There are plenty of “financial advisers” who think they can do both things, and market themselves as such. They often charge a lot in fees, wear very nice suits, and like to put the names of their companies on the side of buildings. But I think it’s better to keep the two roles separate and be good at one.

Consequently, I’m an advocate of managed funds, where my clients pool their funds with the funds of many other people, and these funds are managed by a reputable investment manager. I am not an investment manager or stock picker and do not make myself out to be.

Sure, there’s a cost involved with investing in managed funds. Part of this is paying for the specialised services of a focused, intelligent, dedicated team of investment managers. But it’s better to pay for specialists to do this. There are added benefits to pooling funds with others too, including getting the benefits of diversification, which is essential to a sound financial strategy.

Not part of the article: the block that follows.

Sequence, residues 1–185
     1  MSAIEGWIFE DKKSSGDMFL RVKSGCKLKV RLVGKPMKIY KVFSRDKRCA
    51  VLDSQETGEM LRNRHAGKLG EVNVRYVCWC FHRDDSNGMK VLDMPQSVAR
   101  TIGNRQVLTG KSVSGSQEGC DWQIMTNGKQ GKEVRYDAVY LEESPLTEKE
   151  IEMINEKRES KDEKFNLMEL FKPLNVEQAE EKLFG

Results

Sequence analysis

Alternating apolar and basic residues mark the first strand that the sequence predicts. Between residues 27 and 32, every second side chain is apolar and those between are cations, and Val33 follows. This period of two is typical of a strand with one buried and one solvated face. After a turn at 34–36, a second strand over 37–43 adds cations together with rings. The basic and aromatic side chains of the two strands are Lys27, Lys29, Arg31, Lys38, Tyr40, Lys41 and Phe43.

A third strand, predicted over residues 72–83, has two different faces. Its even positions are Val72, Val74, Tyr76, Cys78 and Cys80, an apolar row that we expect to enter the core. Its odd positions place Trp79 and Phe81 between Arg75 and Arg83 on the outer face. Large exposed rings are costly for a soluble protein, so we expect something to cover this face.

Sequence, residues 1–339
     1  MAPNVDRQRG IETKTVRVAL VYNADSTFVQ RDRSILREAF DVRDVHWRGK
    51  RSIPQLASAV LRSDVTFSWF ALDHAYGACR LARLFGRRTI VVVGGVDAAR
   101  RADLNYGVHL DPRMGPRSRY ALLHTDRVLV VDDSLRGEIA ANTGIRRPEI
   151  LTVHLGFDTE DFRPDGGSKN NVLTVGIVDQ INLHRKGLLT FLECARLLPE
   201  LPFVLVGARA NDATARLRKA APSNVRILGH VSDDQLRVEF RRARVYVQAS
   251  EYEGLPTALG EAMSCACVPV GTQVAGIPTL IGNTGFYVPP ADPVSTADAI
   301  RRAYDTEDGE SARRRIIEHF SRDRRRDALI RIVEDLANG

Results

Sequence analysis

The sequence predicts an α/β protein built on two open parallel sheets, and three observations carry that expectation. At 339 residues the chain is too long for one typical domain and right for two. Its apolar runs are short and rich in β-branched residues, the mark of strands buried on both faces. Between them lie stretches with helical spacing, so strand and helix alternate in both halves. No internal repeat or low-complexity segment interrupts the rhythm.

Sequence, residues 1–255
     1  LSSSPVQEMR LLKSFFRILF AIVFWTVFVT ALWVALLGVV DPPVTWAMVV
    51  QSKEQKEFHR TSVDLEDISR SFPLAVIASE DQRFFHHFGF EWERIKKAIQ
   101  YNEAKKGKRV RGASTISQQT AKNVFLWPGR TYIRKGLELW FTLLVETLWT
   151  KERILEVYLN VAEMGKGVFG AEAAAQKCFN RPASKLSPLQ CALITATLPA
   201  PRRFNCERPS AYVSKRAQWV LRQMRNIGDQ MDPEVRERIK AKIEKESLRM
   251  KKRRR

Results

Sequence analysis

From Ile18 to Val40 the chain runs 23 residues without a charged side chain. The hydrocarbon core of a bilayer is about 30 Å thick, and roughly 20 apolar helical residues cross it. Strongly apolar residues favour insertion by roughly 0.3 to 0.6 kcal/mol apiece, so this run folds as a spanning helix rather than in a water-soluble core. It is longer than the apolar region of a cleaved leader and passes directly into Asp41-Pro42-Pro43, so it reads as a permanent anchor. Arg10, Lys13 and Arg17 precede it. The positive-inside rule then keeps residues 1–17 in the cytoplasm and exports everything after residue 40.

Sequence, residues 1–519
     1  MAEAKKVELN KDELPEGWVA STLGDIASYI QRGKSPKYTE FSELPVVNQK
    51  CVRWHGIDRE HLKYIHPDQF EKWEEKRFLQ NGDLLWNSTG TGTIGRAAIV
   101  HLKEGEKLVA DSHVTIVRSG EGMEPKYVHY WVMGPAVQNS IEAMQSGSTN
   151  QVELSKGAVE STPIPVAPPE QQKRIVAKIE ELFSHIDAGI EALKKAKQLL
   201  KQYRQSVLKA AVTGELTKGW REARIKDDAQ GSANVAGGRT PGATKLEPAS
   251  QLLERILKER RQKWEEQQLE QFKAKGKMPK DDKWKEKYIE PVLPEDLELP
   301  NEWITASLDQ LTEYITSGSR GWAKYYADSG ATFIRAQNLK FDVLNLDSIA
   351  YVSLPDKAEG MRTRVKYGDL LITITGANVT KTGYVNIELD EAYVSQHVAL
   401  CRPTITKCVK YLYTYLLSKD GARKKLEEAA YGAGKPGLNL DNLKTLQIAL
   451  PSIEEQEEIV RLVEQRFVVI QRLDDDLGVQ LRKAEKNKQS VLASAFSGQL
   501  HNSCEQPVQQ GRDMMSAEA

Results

When selecting my preferred managed funds, I consider all of the funds based on the information they legally have to provide, such as their Product Disclosure Statements. (I have had the privilege of helping funds prepare PDSs in the past, which has given me an insight into “how the sausage is made” and an ability to distinguish the important information from the rest.) Most other material is marketing and filler. In particular, focusing on historical returns is often counter-productive – there’s a lot of research indicating that high-performing funds typically “regress to the mean” and underperform in the following period.